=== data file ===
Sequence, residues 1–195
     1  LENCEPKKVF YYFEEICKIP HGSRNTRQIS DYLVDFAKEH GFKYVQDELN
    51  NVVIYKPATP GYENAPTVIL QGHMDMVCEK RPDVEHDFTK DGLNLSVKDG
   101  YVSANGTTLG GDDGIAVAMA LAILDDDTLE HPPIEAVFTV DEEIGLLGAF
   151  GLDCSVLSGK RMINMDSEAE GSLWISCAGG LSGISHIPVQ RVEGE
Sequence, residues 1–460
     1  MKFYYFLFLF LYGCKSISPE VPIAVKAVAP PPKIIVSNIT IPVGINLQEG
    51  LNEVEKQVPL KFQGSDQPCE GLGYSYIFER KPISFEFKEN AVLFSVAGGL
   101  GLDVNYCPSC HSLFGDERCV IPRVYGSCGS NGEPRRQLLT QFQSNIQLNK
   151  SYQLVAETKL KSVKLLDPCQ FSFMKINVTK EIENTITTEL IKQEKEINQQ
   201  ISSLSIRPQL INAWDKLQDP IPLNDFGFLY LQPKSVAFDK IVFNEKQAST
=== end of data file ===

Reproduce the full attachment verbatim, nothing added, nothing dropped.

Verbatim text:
Sequence, residues 1–195
     1  LENCEPKKVF YYFEEICKIP HGSRNTRQIS DYLVDFAKEH GFKYVQDELN
    51  NVVIYKPATP GYENAPTVIL QGHMDMVCEK RPDVEHDFTK DGLNLSVKDG
   101  YVSANGTTLG GDDGIAVAMA LAILDDDTLE HPPIEAVFTV DEEIGLLGAF
   151  GLDCSVLSGK RMINMDSEAE GSLWISCAGG LSGISHIPVQ RVEGE
Sequence, residues 1–460
     1  MKFYYFLFLF LYGCKSISPE VPIAVKAVAP PPKIIVSNIT IPVGINLQEG
    51  LNEVEKQVPL KFQGSDQPCE GLGYSYIFER KPISFEFKEN AVLFSVAGGL
   101  GLDVNYCPSC HSLFGDERCV IPRVYGSCGS NGEPRRQLLT QFQSNIQLNK
   151  SYQLVAETKL KSVKLLDPCQ FSFMKINVTK EIENTITTEL IKQEKEINQQ
   201  ISSLSIRPQL INAWDKLQDP IPLNDFGFLY LQPKSVAFDK IVFNEKQAST